If this book has achieved its aims, readers will not be surprised to learn that the literature of the French Revolution is truly vast. Much of the detailed work is also in French, although there is more of quality in English than on most historical topics outside the anglophone sphere. Fortunately most of the books in the following very select list have substantial bibliographies and often detailed footnotes from which particular aspects of the subject can be pursued beyond anything possible in a very short introduction.
M. Broers, Europe under Napoleon 1799–1815 (London, 1996). Treats the Napoleonic epic as a prolongation of the Revolution. A tour de force.
W. Doyle, The Oxford History of the French Revolution (Oxford, 1989). Not simply about the Revolution in France, but also its impact on Europe as a whole.
F. Furet, Revolutionary France 1770–1870 (Oxford, 1992). The leading late twentieth-century French authority sets the Revolution in the longer-term sweep of his country’s history.
C. Jones, The Longman Companion to the French Revolution (London, 1988). An invaluable compendium of useful information.
A. Mathiez, The French Revolution (London, 1928). The classic account: compellingly written with passionate commitment.
S. Schama, Citizens. A Chronicle of the French Revolution (London, 1989). The bestseller of the bicentennial year, immensely readable, extremely long, accelerating towards an abrupt conclusion in 1794.
D. M. G. Sutherland, France 1789–1815. Revolution and Counter-Revolution (London, 1986). Rich in detail, taking in Napoleon as well as the revolutionary decade.
T. C. W. Blanning, The French Revolution, Class War or Culture Clash? (London, 1998). Spikily readable reflections on the direction of the debate since the 1950s.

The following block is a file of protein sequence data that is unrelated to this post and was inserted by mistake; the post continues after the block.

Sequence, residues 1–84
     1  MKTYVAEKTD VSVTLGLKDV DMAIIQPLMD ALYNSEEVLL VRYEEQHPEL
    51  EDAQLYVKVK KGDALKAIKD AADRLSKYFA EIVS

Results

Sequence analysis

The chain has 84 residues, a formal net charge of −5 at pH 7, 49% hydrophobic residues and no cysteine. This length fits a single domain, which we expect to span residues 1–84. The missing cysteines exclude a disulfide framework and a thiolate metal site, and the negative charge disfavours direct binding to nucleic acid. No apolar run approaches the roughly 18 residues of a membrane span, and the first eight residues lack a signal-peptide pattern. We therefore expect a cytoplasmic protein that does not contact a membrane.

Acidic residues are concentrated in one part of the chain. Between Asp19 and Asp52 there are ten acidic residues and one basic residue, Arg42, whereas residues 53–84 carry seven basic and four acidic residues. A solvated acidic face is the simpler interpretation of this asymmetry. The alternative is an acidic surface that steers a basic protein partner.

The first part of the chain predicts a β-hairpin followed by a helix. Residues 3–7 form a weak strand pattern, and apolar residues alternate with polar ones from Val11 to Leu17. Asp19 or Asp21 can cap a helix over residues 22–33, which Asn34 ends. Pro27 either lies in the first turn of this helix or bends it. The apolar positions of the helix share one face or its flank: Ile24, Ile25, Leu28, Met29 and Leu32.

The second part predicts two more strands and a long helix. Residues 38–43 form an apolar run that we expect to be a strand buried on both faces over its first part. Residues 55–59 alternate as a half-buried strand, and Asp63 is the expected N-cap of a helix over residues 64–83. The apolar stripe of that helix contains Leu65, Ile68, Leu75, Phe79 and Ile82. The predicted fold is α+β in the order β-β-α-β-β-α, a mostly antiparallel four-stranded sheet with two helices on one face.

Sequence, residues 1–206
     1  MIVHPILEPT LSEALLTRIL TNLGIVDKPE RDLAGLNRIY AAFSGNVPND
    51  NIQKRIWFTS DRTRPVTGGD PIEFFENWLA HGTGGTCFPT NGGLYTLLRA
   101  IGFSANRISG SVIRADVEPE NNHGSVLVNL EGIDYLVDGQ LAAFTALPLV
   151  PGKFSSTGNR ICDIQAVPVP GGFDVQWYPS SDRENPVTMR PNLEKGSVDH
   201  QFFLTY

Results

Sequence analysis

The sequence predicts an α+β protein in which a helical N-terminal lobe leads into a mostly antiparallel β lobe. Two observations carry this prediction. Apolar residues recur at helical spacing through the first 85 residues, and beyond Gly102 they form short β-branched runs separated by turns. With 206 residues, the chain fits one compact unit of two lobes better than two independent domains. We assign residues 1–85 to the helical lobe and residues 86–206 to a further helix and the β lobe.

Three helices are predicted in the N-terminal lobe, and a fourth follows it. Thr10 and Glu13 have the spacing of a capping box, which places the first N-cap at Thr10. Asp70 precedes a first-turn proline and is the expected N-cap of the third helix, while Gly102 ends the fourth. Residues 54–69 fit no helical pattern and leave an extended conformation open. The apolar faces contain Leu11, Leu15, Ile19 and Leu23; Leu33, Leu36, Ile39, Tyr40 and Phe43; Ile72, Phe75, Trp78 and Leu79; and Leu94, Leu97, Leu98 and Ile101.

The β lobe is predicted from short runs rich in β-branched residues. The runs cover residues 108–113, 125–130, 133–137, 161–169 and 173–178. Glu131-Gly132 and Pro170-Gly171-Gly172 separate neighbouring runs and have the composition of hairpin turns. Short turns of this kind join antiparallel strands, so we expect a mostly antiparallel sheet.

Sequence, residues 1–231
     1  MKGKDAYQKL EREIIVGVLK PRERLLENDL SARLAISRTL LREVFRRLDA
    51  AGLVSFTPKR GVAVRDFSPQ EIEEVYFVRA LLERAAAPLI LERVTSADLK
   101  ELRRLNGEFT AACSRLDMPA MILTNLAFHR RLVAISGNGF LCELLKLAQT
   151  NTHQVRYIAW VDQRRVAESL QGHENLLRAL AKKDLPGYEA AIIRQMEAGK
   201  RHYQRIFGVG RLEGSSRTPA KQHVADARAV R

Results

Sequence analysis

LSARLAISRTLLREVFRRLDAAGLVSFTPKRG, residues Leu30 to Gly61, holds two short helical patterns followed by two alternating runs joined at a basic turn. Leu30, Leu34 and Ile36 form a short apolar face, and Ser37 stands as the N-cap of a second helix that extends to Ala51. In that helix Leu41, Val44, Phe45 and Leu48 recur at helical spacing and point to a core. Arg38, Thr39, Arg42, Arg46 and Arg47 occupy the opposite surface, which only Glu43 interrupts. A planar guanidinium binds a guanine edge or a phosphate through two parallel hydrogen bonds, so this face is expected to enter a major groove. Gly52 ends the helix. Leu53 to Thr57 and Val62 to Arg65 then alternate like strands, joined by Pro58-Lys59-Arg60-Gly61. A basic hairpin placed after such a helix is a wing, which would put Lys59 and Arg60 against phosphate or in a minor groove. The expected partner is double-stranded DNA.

A. Cobban, The Social Interpretation of the French Revolution (2nd edition, Cambridge, 1999). A reissue of the founding text of revisionism, with an introduction by Gwynne Lewis.
F. Furet, Interpreting the French Revolution (Cambridge, 1982). Furet’s initial manifesto against the ‘Jacobino-Marxist Vulgate’.
G. Lewis, The French Revolution. Rethinking the Debate (London, 1993). Vigorously written attempt to salvage classic traditions from a generation of revisionism and post-revisionism.
C. Lucas (ed.), Rewriting the French Revolution (Oxford, 1991). Bicentennial lectures by an international panel of authorities.
J. M. Roberts, The French Revolution (2nd edition, Oxford, 1999). Thoughtful reflections on the Revolution’s ambiguities.
A. de Tocqueville, The Old Regime and the Revolution (London, 1988). There are many editions of this most enduring of analyses. This one has a useful introduction by Norman Hampson.
R. Chartier, The Cultural Origins of the French Revolution (Durham, NC, 1991). Authoritative post-revisionist survey.
W. Doyle, Origins of the French Revolution (3rd edition, Oxford, 1999). Contains a historiographical survey as well as an analytical account.
G. Lefebvre, The Coming of the French Revolution (Princeton, 1947). The best analysis in the classic tradition.
B. Stone, The Genesis of the French Revolution. A Global-historical Interpretation (Cambridge, 1994). Attempts to set the origins in a wider context.
T. Tackett, Becoming a Revolutionary. The Deputies of the French National Assembly and the Emergence of a Revolutionary Culture (1789–1790) (Princeton, 1996). Careful analysis of the early stages of the revolutionary process.